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The title of this lecture by CMRS Distinguished Visiting Scholar William Burgwinkle (Professor of Medieval French and Occitan Literature, King’s College, Cambridge) takes the expression “larger picture” in two senses. What are we to make of a world history that was written for the Flemish nobility, in order to glorify their role in the construction of a Christian empire, but found its first success in the city of Acre (today Akko, in Israel), capital of the Latin Crusader Kingdom in the mid-thirteenth century? The larger picture, in this sense, involves the writing of history in general—the attempt to place oneself within a larger timeframe and find a place for oneself in the past; but it also implies the importance of place in a literal sense. Acre was the most international city of its day, a small but thriving cultural, religious, and commercial center, always on the brink of imminent disaster. Such a precarious situation bred a taste for history and histories, narratives that would provide the bearings for dealing with the unruly and the unexpected. .
These two presentations—the first by Professor Emeritus Paul Sellin (English, UCLA) and the second by Professor Christine Sellin (Art History, California Lutheran University) deal with 1) the hitherto neglected importance of the 1598 Dutch translation of Sir Walter Ralegh’s The Discoverie of Guiana (1596) and 2) the genesis of the famous De Bry and other illustrations soon to follow.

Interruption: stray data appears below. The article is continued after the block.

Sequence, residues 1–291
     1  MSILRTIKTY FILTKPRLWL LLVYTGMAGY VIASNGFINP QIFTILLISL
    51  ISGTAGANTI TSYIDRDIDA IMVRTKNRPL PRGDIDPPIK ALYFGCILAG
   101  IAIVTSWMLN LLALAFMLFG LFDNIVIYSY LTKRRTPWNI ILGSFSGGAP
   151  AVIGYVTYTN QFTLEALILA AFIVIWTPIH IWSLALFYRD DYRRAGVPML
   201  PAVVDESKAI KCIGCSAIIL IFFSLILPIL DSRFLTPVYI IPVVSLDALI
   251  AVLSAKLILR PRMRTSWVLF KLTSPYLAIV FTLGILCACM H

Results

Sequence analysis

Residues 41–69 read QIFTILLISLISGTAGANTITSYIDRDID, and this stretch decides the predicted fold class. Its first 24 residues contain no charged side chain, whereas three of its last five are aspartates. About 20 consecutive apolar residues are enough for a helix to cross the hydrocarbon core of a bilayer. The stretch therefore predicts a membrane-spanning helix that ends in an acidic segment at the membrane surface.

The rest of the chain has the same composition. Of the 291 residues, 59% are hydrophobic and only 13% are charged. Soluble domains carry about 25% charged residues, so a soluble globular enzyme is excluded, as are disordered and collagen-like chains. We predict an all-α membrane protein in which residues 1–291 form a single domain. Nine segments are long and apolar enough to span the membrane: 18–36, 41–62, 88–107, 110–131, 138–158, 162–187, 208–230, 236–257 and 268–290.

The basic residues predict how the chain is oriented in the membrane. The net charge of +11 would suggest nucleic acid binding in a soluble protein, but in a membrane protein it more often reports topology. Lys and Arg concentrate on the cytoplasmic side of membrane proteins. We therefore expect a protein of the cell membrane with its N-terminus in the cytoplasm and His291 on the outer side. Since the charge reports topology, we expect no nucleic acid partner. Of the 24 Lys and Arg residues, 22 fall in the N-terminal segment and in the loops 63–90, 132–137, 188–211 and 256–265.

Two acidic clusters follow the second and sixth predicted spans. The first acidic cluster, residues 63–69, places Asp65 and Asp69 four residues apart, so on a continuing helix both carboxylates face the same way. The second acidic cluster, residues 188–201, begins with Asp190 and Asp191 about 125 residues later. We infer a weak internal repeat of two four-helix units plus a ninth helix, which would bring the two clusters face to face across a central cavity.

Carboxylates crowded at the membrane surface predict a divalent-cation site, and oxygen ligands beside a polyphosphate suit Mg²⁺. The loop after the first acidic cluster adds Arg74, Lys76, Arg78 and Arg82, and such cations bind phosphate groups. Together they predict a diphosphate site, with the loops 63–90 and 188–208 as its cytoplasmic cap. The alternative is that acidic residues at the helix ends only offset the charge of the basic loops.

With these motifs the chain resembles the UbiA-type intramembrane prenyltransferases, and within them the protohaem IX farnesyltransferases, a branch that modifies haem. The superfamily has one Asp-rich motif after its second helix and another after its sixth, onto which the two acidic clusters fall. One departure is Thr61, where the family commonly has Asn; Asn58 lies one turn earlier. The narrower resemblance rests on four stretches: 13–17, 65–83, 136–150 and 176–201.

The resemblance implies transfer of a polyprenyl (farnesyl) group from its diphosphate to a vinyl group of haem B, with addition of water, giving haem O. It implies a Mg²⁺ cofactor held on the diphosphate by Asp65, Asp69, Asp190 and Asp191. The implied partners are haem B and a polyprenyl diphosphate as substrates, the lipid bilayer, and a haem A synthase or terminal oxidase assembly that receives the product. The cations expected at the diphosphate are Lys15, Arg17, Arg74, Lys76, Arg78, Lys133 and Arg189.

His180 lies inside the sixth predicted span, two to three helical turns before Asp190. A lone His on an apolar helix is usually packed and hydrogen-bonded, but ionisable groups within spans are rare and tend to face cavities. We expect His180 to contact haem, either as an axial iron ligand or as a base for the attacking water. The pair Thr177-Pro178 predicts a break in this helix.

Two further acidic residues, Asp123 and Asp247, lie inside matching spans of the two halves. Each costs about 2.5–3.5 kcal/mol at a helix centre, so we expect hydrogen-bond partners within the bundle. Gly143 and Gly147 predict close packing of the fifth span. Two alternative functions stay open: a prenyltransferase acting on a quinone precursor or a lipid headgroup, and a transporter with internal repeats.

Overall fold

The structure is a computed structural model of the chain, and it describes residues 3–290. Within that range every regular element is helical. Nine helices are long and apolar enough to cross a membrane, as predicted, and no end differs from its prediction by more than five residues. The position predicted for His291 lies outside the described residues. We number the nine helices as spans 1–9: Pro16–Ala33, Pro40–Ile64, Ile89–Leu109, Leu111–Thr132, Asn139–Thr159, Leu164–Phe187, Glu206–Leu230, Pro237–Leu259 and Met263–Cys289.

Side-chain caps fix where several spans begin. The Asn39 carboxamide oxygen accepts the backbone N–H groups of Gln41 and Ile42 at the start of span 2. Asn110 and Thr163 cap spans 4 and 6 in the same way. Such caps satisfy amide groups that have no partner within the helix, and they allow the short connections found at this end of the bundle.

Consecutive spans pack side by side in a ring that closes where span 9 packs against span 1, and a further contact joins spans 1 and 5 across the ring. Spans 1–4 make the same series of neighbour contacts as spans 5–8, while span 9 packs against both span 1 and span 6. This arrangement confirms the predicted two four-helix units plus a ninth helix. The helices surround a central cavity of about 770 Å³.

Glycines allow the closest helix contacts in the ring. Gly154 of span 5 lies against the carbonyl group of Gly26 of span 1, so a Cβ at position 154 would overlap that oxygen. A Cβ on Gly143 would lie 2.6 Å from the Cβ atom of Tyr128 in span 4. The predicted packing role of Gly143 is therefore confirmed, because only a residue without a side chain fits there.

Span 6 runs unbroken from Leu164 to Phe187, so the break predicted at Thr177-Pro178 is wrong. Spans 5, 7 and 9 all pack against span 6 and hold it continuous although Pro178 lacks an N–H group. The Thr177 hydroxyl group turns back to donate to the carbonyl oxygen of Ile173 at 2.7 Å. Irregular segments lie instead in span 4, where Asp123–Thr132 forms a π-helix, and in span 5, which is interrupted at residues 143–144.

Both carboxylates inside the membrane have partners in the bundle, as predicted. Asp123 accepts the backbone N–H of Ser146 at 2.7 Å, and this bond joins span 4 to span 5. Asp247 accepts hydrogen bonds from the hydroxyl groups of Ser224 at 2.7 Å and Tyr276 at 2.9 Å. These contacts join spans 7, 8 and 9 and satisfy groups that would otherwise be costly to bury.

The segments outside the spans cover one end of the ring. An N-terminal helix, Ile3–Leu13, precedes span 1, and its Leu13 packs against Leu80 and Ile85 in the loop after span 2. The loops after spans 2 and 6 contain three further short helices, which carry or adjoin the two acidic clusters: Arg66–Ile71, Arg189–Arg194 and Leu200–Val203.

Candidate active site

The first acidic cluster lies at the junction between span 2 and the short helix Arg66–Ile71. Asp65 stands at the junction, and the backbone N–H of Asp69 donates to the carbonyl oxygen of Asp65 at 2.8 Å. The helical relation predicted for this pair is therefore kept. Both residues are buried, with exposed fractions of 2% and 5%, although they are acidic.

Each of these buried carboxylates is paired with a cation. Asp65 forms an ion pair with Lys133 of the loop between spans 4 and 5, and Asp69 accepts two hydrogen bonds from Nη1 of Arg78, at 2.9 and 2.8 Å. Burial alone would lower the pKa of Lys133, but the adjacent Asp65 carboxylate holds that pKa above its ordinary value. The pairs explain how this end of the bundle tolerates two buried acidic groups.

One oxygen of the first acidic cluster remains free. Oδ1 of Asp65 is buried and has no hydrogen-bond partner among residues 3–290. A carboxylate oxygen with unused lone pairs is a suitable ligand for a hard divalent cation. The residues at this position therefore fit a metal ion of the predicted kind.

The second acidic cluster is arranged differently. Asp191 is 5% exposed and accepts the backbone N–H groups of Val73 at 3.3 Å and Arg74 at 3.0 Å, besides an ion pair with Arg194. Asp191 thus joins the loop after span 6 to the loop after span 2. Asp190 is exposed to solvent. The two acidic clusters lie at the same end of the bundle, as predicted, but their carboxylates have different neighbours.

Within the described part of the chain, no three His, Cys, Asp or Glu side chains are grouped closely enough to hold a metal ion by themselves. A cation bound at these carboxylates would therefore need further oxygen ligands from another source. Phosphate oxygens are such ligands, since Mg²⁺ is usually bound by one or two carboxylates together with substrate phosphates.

The Fall Session of California Medieval History Seminar will meet at the Huntington Library to discuss four pre-distributed research papers. Esther Liberman Cuenca (PhD candidate, Fordham University), Professor Sharon Farmer (UC Santa Barbara), Professor Alison Perchuk (California State University, Channel Islands), and Eugene Smelyansky (PhD candidate, History, UC Irvine) will present their work at the Seminar’s Fall session. Participants are expected to have read the papers in advance and come prepared to discuss them. Speakers and paper topics are announced by e-mail and on the CMRS website. To be added to the announcement list contact email@example.com. More information is at cmrs.ucla.edu/programs/med_hist_seminar.html.
We all know Christopher Marlowe was killed on 30 May 1593. Would you believe that in early 1600, William Shakespeare wrote As You Like It to commemorate the seventh anniversary of the death of his friend and mentor, and modeled the character of Jaques on the deceased? Come, listen and see. Dr. Steve Sohmer (Fleming Fellow of Lincoln College, Oxford, and CMRS Associate) will discuss the particulars.